TOP 09 seeks Czech backing for Europe-wide media ownership rules

Andrej Babiš, photo: Filip Jandourek

The Czech media sector has often won international praise in the past for its freedom and independence. But some in the country are questioning whether that is still the case following the acquisitions by billionaire businessman, ANO leader, and current minister of finance, Andrej Babiš. The biggest centre-right opposition party in parliament, TOP 09, is seeking to make media ownership an issue in the upcoming European elections.

Andrej Babiš,  photo: Filip Jandourek
This week TOP 09 leaders gave their support to a European-wide petition calling for the European Commission to push through strict rules on media ownership which would prevent media moguls grabbing too much power and influence.

The European petition is being led by such organisations as the European Federation of Journalists and around 100 civic groups across the continent. If the campaign gets one million signatures in sufficient countries then the European Commission will have to react.

As well as ownership rules, the campaign wants guarantees that national media watchdogs are independent of political power and clear definitions of conflict of interest to make sure that the media moguls do not occupy high political office. TOP 09’s aim is to collect at least 16,500 signatures in the Czech Republic.

Karel Schwarzenberg,  photo: Filip Jandourek
TOP 09 leader and former foreign minister Karel Schwarzenberg said at the petition’s launch that a mixed and independent media is a guarantee of democracy. He and other party leaders have not singled out Andrej Babiš specifically for attack, but he is clearly one of the unnamed targets of their campaign.

Babiš currently owns two of the Czech Republic’s quality daily newspapers, the biggest selling broadsheet Mladá Fronta Dnes and sister paper Lidové Noviny, as well as one of the most popular commercial radio chains, Radio Impuls. He is frequently rumoured to be casting his eye on television chains.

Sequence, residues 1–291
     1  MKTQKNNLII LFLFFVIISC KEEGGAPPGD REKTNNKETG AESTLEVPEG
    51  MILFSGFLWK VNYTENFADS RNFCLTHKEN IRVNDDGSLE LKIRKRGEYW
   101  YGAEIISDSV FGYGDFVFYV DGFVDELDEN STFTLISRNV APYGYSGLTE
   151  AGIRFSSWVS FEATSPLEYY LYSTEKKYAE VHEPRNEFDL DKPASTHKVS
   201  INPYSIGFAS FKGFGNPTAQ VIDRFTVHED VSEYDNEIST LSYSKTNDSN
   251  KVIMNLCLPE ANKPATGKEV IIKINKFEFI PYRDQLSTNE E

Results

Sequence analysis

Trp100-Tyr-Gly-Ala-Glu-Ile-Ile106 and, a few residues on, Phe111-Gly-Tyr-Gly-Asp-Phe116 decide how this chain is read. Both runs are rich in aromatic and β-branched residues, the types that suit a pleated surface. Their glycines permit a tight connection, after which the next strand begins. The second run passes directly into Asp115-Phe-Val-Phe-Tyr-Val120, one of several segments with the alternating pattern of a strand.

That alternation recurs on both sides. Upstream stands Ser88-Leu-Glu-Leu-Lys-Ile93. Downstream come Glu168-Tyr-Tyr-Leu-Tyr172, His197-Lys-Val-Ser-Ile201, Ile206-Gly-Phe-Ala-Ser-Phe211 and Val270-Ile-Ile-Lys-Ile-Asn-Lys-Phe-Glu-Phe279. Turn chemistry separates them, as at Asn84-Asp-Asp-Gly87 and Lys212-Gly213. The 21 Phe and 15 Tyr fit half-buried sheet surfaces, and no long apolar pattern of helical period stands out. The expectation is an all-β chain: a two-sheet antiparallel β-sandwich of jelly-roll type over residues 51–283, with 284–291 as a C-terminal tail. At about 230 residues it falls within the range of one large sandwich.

Although sometimes dubbed the Czech Silvio Berlusconi, Mr. Babiš says he does not interfere in the day to running of his media businesses.

Indeed, Wednesday’s edition of the daily Dnes carried a report of how close associates of Babiš’ agro-chemical group Agrofert have filled top posts in the finance, transport, environment ministries where the ANO party is dominant. But the paper has also led a campaign against Prime Minister Bohuslav Sobotka over the past privatisation of the OKD mining group and frequently appears to get stories thanks to close contact with the Ministry of Finance. Babiš’ ownership led to the exodus of many journalists at both papers.

Photo: archive of Radio Prague
Marius Dragomir is a former journalist in the Czech Republic and an expert on media independence at the Open Society Foundation. “Czech media in the past has been a model in Eastern Europe in terms of the degree of freedom and independence of journalists but I think that the situation has worsened dramatically in the last few years and I think the recent acquisitions of that have taken place and especially Mr. Babiš’ acquisitions are part of this trend. ”

Media ownership is a very delicate issue at the national and European level. The European Commission attempted once before to get to grips with this issue in the mid-1990’s but did not get too far. The commissioner responsible was the Italian Mario Monti - and he had been sent to Brussels by none other than Silvio Berlusconi.